http://www.dailymail.co.uk/health/article-2202434/Taking-Prozac-Don-t-drive-Pills-raise-risk-having-accident-70.html




The Daily Mail !? Seriously, people are reading the Daily Mail for health advice, really ? The Daily Mail is a laughing stock in the actual medical world, this is a paper that promoted (to disastrous effect) the idea that there was a link between the MMR jab and autism just a few years ago. The Daily Mail's health section is an absolute joke, idiotically sensationalist paper selling headlines, the joke here in the UK is that according to the Daily Mail everything gives you cancer, chocolate, vegetables, exercise, beer, sunshine . . . so runs the headline . . . 4 months later these are the things that _prevent_ cancer: chocolate, vegetables, exercise, beer, sunshine . . . 14 months later . . . these things give you cancer  . . . chocolate, vegetables, exercise, beer, sunshine . . .rinse and repeat and sell lots of papers to the scientifically illiterate . . . .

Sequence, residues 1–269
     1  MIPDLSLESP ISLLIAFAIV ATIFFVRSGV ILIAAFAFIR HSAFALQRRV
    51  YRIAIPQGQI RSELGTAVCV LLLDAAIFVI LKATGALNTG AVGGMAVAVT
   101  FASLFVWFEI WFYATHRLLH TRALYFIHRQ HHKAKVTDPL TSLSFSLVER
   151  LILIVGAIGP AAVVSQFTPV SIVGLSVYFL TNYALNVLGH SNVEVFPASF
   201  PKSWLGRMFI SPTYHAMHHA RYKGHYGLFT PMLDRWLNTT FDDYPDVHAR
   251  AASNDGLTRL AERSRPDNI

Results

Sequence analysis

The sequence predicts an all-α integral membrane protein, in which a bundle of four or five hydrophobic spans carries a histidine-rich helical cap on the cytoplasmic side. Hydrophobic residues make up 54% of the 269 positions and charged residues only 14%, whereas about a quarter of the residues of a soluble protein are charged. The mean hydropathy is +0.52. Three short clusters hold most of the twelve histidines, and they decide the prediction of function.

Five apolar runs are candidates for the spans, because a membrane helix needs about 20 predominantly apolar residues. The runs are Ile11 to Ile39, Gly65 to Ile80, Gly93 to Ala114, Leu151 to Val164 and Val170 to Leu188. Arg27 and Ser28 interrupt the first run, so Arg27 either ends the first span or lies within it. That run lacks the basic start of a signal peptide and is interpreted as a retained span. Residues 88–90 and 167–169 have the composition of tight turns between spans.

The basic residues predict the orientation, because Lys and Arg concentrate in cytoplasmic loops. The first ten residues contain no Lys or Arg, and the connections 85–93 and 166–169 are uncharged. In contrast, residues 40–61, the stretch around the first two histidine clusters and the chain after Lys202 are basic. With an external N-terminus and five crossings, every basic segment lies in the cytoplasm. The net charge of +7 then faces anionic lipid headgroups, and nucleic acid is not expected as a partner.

Honestly I hate to be so frank, but saying that you've ruled something out 'because of this study I read the other day' (you've not read a study, you've read a newspaper article, from a newspaper notorious for this kind of idiotic click-bait) and that 'study' is in the Daily Mail means you shouldn't really be making these kinds of judgments.
« Last Edit: November 14, 2014, 08:50:52 PM by P Jaques »
No, no, no, no, stop, stop, stop . . . you're wrong and I'm right . . . can we have the next caller please Mike.

DePoo

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Re: Is Stefan Molyneux’s Freedomain Radio responsible for a suicide?
« Reply #34 on: November 15, 2014, 02:17:14 AM »